Blog Archives

Teeming Links – July 11, 2014

FireHead

Apologies for the dearth of posts during the week leading up to now. I have reached crunch time on both the mummy encyclopedia and the paranormal encyclopedia, and, in combination with the fact that just this week I started a new day job at a new (to me) college, my time will be limited in the near future. That said, weekly Teeming Links will continue appearing every Friday. I also have a number of great features lined up for publication, including a very long interview with psychedelic research pioneer James Fadiman (finished and currently in the editing and formatting stage) and the third installment of Dominik Irtenkauf’s “Sounds of Apocalypse” series.

 

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Niall Ferguson wonders whether the powers that be will transform the supposed “libertarian utopia” of the Internet into a totalitarian dystopia worthy of Fritz Lang’s Metropolis: “[T]he suspicion cannot be dismissed that, despite all the hype of the Information Age and all the brouhaha about Messrs. Snowden and Assange, the old hierarchies and new networks are in the process of reaching a quiet accommodation with one another, much as thrones and telephones did a century ago.”

Writer and former Omni editor-in-chief Keith Ferrell describes what he has learned from an experiment in living like an 11th-century farmer, or rather, like a post-apocalyptic survivor: “Our modern era’s dependence upon technology and, especially, chemical and motorised technology, has divorced most of us from soil and seeds and fundamental skills. . . . Planning and long-practised rhythms were at the core of the 11th-century farmer’s life; improvisation, much of it desperate, would be the heart of the post-apocalyptic farmer’s existence.”

In a world where the dominating goals of tech development are mobilility and sociality, Nicholas Carr wonders what kinds of alternative technologies and devices we might have if the guiding values were to be stationary and solitary. (Personally, I can think of one such technology, though not an electronic one: the paper book.)

Speaking of which, Andrew Erdmann uses the vehicle of Hal Ashby’s classic 1979 film Being There to reflect on our collective descent into aliteracy and electronically induced infantile idiocy: “I consider myself fortunate that I experienced reading and thinking before the Internet, and the written word before PowerPoint. I like to think that these experiences afford me some self-defense despite my own use of the Blackberry and other technologies.”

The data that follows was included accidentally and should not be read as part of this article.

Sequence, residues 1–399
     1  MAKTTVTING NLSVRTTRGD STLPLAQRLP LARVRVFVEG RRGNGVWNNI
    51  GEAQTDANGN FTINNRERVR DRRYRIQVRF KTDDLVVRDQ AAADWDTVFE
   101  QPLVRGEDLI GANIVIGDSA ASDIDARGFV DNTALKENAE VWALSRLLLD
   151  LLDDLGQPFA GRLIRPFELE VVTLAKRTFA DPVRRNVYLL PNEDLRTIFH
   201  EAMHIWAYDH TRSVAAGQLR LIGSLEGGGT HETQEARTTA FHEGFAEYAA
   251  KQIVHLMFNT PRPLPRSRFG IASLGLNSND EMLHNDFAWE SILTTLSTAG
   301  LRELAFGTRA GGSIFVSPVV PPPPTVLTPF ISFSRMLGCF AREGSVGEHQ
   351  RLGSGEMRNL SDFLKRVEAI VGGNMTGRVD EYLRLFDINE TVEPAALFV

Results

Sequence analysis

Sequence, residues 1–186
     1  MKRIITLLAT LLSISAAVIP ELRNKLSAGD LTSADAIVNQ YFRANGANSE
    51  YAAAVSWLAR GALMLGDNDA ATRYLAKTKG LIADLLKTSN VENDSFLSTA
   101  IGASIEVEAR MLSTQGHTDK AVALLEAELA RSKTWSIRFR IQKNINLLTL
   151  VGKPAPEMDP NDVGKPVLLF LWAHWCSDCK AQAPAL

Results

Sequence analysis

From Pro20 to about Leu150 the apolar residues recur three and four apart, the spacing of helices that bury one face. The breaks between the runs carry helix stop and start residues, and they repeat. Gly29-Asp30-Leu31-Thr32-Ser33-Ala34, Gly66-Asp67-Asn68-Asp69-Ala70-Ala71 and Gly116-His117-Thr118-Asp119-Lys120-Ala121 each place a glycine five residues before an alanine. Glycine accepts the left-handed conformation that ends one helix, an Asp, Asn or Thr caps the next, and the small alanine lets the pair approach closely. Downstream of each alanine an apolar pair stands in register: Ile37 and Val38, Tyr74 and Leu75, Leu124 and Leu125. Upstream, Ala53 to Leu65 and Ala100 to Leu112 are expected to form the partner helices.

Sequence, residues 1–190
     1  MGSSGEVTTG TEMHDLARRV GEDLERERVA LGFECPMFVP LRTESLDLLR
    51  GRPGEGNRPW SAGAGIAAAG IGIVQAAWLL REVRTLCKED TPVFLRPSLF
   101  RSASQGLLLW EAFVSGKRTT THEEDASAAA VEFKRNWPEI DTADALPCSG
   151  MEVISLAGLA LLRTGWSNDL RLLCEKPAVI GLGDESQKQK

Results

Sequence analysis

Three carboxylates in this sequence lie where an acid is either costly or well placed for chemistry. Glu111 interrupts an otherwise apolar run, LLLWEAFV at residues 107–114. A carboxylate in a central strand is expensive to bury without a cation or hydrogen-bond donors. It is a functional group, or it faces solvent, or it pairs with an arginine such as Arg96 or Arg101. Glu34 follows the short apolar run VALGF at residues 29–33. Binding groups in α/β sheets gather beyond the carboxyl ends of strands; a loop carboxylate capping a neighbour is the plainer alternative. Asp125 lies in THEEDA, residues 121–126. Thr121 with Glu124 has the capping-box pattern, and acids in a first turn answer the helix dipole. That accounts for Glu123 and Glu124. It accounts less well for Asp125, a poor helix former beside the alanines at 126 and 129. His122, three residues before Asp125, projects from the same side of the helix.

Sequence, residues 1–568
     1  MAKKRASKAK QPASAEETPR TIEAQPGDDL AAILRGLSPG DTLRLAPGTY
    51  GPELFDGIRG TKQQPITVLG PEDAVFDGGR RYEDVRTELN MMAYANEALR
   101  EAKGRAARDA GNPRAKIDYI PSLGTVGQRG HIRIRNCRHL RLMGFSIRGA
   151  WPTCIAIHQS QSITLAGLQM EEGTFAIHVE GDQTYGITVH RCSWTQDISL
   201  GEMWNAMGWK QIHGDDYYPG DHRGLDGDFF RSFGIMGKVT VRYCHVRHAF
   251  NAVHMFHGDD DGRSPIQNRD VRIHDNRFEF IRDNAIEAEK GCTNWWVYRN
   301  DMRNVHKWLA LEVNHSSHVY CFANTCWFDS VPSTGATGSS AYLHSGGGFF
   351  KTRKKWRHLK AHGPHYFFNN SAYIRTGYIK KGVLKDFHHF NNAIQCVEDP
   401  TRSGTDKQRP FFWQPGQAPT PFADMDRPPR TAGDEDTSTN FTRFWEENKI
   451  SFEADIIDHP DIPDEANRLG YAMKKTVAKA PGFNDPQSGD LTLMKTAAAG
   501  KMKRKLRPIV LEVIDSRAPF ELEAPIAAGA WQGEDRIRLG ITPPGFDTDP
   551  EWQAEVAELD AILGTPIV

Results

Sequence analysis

Roberto Bolaño says books are the only homeland for the true writer.

Javier Marías says the only real reason to write a novel is because this “allows the novelist to spend much of his time in a fictional world, which is really the only or at least the most bearable place to be.”

The Vatican has formally recognized the International Association of Exorcists and approved their statutes.

In response to the above, Chris French, the prominent skeptic and specialist in the psychology of paranormal beliefs and psychological states, argues in The Guardian that possession is better understood in psychological rather than supernatural terms. (Chris, btw, is writing the entry on anomalistic psychology for my paranormal encyclopedia.)

BBC journalist David Robson offers a firsthand, participatory account of how scientists are using hypnosis to simulate possession and understand why some people believe they’re inhabited by paranormal beings.

Over at Boing Boing, Don Jolly profiles Shannon Taggart, photographer of séances, spirits, and ectoplasm: “Taggart is not a ‘believer,’ in the traditional sense, nor does she seem to debunk her subject. Rather, she presents a world where belief and unbelief are radically mediated by technology — and raises the possibility that in the age of omnipresent electronic image what is ‘true’ may be a much harder debate than the skeptics suppose.” (Shannon, btw, is writing the entries on thoughtography and Kirlian photography for my paranormal encyclopedia.)

Philosopher Bernardo Kastrup absolutely nails, in his typically lucid fashion, the reason why scientific materialism is baloney:

It’s a philosophical and not a logical interpretation of science. Science itself is just a study of the patterns and the regularities that we can observe in reality. It doesn’t carry with it an interpretation. . . . Scientific materialism is when you load the scientific observations of the regularities of nature with an ontological interpretation and you say, “What you’re observing here is matter outside of mind that has an existence that would still go on even if nobody were looking at it.” That is already an interpretation. It’s not really pure science anymore, and the essence of scientific materialism is [the idea] that the real world is outside of mind, it’s independent of mind, and particular arrangements of elements in that real world, namely, subatomic particles, generate mind, generate subjective experience. Now of course the only carrier of reality anyone can know is subjective experience. So materialism is a kind of projection, an abstraction and then a projection onto the world of something that is fundamentally beyond knowledge.